Tips for a Supersized Acquisition Financing Loan

Posted on: September 18th, 2023


Launching a successful acquisition financing process takes teamwork across many disciplines. The process includes several stages during which different skill sets are molded to create a team rich in financial, operational and leadership talent. Despite the strength of the financial team, the company frequently ends up asking for too little capital in their acquisition financing structure.

Even though the acquisition financing ask appears to be a very basic calculation and includes the purchase price and the transaction costs, many deal teams get it wrong largely due to their under-assessment of the total cost of the acquisition and their hesitancy to ask for a big number. This occurs because the financial team often uses simplistic analysis that underrepresents the complexity of the total investment such as incremental working capital support, integration costs and growth expenditures.

Each one of these variables is important and multi-faceted and can add additional capital cost. Often post-closing, due to the transition, working capital may stretch out requiring extra liquidity. Every deal requires integration resources from the acquirer whether in the form of third-party consultants or internal employees. Finally, unlocking acquisition synergies and innovation requires financial seeding through upfront capital and elevated spending. While not ostensibly part of the purchase price, these outlays are all legitimate business transition and transformation costs that should be factored in the acquisition financing structure loan ask.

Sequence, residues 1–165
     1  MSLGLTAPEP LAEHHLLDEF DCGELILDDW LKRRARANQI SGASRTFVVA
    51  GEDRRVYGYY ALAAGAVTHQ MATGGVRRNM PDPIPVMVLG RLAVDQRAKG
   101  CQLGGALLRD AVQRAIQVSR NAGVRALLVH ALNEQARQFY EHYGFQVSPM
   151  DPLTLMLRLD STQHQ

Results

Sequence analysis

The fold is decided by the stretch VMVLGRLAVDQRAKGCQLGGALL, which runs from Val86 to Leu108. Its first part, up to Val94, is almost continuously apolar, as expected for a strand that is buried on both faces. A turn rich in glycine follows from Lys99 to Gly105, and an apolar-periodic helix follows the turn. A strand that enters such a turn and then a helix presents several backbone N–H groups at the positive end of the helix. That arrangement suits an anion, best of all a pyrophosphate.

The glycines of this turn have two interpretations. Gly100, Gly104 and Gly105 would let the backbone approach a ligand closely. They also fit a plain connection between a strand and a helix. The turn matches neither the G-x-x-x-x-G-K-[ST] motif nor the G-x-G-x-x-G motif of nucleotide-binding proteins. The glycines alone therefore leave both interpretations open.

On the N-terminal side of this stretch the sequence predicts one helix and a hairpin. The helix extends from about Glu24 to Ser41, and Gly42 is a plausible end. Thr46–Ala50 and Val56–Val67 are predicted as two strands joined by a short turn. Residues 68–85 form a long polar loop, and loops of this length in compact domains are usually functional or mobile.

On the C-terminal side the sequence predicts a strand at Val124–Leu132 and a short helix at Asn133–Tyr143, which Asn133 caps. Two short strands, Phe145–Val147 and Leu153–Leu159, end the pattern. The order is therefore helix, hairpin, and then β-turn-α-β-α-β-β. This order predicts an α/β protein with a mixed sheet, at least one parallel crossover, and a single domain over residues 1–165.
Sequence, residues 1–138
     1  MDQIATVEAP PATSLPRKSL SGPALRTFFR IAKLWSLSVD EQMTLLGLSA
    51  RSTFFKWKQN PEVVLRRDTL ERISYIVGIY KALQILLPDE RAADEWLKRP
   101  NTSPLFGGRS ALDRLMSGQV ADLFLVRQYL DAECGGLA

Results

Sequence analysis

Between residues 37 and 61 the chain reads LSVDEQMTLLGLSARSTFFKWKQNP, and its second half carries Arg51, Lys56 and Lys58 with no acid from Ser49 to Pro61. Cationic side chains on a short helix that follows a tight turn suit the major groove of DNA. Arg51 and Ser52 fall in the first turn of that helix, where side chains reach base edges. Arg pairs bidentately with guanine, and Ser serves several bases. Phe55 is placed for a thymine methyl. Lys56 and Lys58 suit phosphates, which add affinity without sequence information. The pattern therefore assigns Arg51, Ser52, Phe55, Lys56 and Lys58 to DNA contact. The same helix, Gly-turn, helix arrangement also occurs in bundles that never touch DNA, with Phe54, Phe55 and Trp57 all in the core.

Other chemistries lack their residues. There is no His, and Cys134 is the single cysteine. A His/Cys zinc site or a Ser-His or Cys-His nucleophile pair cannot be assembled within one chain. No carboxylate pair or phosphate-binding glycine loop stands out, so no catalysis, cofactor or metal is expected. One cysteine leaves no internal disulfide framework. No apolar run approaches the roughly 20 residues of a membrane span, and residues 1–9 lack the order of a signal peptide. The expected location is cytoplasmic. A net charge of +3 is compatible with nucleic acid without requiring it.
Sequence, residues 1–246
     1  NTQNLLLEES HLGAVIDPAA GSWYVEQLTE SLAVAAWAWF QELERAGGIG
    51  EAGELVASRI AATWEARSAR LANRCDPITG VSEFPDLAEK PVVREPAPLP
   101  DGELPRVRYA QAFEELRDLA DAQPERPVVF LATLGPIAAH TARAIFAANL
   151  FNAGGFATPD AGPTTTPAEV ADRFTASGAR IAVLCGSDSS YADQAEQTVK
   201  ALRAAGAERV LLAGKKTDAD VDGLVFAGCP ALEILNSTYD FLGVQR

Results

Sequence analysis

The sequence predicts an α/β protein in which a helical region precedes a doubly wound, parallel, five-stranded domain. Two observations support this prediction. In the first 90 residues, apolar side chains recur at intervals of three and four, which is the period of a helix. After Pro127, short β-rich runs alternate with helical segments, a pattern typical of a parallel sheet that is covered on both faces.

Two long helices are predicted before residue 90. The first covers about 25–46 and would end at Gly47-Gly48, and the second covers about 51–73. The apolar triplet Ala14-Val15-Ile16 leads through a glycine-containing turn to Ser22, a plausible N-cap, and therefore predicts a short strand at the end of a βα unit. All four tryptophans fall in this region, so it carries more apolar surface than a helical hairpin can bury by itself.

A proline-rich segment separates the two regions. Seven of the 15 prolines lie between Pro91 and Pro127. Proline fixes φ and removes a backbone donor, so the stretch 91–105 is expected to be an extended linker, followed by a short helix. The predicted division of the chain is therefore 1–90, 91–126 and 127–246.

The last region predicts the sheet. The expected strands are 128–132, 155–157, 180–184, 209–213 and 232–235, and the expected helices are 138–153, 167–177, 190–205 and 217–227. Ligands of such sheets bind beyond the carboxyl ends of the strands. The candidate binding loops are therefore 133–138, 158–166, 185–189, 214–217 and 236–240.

Often it is advantageous to start the loan size analysis less through the lens of purchase price and more through the prism of how much acquisition financing can be raised. Most lenders will lend more than the purchase price and transition costs provided all the uses are disclosed. Even if the amount of the loan ask already includes working capital, integration costs and growth expenditures, lenders will still fund extra cash to provide additional liquidity. Smart lenders understand that capital availability plays an impactful role in the success of the acquisition. Rather than cut the loan size too thin, they would rather overfund the Company to give it the best shot at success.